Recently had a power outage during a wind storm. Caring for elderly parents in my home. What can be done if a power outage happens again? -

Recently had a power outage during a wind storm. Caring for elderly parents in my home. What can be done if a power outage happens again?


We recently had our power go out for two days. We have an all-electric house. It was freezing. I went out several times a day to get warm food for my parents. We are looking into getting a generator. Parents are bedbound so going to a hotel was not an option. How have you handled being without electricity for several days?



A few years ago we had 'black-outs' all the time. Harder to deal with once the light had gone.

Soooooo this is what we did.
Car battery (always charged) - tv for who ever but only for short whiles
Hurricane lamps (with batteries and some replacement leds)
Fondeau base with a saucepan for hot water etc.
You can fry an egg in the base of the saucepan, Fried bread or toast as well. :)

Lots of thin layers of clothes - I find them warmer than too many thick ones.
2 or three good blankets and a duvet. A warm hat, gloves and extra pair of socks.
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Reply to BuzzyBee

Generators for the house are 5 to 6 k and you need a gas source or big tanks. Zoning laws need to be followed. You need to weigh the cost benfits here and life expectancy. I worked in a hospital and many people on oxygen came back to the hospital for several days. I do not know if insurance covered them. Your local community services should have helped you with relocaton services. Once a large disaster happens and FEMA is involved, within 2 days services and supplies are ramped up.
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Reply to MACinCT

To be prepared in the future I bought my parents some survival kit at this site,

Here's what I got them:
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Reply to jo2a0507

Our generator is like Veronica’s. Its propane fueled and comes on automatically. We have a rather large house and didn’t put the entire house on the generator. It can be powered by zones so your kitchen, furnace and parents living spaces could be powered, if desired. Every house on our street has one due to snow and wind here. It’s really worth the security.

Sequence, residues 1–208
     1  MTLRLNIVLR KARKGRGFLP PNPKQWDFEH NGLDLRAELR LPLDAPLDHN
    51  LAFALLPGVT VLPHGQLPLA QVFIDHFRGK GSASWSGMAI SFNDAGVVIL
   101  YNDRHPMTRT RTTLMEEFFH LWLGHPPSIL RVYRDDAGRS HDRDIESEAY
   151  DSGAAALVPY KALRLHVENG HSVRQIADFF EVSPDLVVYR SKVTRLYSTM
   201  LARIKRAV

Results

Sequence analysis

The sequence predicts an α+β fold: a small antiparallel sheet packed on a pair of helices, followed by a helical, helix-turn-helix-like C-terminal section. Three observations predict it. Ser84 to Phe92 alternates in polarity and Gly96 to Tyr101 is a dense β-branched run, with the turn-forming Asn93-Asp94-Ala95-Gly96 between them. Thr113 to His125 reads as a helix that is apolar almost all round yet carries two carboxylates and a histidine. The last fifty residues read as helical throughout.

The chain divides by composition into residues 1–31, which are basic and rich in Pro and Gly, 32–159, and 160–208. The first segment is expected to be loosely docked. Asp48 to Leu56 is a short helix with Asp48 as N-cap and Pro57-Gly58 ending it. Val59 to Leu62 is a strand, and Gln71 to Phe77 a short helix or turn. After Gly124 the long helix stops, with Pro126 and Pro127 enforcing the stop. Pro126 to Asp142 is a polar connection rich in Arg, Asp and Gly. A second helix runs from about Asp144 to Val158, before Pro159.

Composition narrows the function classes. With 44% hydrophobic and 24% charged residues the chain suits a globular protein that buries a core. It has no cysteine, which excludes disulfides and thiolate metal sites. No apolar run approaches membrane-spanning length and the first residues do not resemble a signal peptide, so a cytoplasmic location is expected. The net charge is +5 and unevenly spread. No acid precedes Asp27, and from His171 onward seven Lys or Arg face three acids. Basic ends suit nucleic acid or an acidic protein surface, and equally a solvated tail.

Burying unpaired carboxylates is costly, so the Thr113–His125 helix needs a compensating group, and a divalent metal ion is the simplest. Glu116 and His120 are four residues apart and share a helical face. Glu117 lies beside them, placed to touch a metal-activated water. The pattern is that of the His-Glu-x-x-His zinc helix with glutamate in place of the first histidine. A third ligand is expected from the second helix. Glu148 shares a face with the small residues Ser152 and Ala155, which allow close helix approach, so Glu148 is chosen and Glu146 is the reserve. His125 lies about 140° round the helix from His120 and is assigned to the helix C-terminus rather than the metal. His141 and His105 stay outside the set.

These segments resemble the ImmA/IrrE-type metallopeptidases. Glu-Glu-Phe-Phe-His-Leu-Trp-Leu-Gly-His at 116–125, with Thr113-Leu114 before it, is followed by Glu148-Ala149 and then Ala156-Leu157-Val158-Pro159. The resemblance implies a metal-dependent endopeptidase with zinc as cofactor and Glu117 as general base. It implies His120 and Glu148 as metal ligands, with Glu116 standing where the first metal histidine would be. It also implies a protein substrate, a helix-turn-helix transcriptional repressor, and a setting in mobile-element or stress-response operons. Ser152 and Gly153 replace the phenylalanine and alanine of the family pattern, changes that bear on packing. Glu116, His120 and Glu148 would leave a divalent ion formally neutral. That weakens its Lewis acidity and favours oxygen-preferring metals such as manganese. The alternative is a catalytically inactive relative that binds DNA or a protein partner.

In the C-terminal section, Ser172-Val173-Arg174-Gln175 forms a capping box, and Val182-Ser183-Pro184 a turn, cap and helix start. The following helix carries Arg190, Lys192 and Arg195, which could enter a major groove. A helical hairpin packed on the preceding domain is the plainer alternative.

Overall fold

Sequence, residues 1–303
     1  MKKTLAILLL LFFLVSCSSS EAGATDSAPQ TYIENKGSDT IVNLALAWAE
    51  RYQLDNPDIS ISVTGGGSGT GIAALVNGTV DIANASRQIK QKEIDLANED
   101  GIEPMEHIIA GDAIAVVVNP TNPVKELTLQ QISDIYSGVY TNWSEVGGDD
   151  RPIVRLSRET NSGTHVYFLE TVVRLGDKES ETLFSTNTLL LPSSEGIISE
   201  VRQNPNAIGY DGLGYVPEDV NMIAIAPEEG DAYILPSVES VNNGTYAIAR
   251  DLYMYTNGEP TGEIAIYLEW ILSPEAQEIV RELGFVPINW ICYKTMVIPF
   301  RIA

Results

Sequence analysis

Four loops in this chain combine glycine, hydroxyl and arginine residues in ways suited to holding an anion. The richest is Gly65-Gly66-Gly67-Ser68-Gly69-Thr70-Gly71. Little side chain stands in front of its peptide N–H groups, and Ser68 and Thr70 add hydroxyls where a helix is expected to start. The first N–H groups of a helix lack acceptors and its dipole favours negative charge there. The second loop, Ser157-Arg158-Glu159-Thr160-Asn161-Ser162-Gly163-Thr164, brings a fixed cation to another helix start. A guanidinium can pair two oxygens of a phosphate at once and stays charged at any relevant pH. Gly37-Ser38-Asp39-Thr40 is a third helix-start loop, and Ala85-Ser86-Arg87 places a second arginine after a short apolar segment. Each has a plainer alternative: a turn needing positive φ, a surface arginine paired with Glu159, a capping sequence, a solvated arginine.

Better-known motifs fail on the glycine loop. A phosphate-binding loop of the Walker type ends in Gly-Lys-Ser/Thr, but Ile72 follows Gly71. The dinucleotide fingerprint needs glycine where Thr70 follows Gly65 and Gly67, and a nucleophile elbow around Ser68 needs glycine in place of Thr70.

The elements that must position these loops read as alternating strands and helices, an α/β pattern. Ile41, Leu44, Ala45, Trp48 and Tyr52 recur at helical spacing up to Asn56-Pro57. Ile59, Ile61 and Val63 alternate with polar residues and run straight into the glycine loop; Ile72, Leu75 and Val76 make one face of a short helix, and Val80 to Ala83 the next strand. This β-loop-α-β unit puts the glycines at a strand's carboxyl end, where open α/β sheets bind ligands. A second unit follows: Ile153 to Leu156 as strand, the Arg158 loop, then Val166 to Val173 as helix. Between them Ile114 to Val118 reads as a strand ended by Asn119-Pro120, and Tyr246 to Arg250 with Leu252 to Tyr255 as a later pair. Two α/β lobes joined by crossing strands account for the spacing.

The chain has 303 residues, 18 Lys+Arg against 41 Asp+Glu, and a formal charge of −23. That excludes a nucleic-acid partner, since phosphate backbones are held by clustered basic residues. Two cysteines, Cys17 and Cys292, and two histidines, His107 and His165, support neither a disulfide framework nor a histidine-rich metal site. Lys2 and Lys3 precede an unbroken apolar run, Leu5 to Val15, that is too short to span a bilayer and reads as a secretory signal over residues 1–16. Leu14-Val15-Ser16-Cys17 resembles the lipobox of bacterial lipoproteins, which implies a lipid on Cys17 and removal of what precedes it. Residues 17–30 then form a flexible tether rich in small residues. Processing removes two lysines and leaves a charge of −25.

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Reply to rocketjcat

We have a heater buddy...propane heater safe for indoors. Our heat pump broke and we used it for a couple of months. Or winters are mild so I used it in mom's room during the night and the living room during the daytime.

We also have a small generator and a propane grill with burner. We manage okay.

If our electric went out in the summer, it would be more of a problem. ;-) Arizona summers when the power is out is tough.
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Reply to Grammyteacher

We have had a propane powered generator for several years now. It is quite big and sits ouside the basement plus two large propane tanks. it runs the essentials like fridge/freezers, well pump,furnace & water heater plus bathroom lights and some kitchen outlets. It was not a cheap addition but is fully linked to the home service and within 10 seconds automatically kicks in. Once a week it comes on automatically and checks itself. We have enough propane for 9 days in the tanks. We can't use the electric cook stove or the oven of the propane stove in the basement but can use the propane cook top. It is also very quiet to run
I would advise moving any disabled, elderly, sick people to a facility as soon as /or before a predicted emergency because those beds fill very fast. Mostly in our area snow is usually the biggest emergency and the county can be closed for a couple of days. Flooding is also a problem in some parts.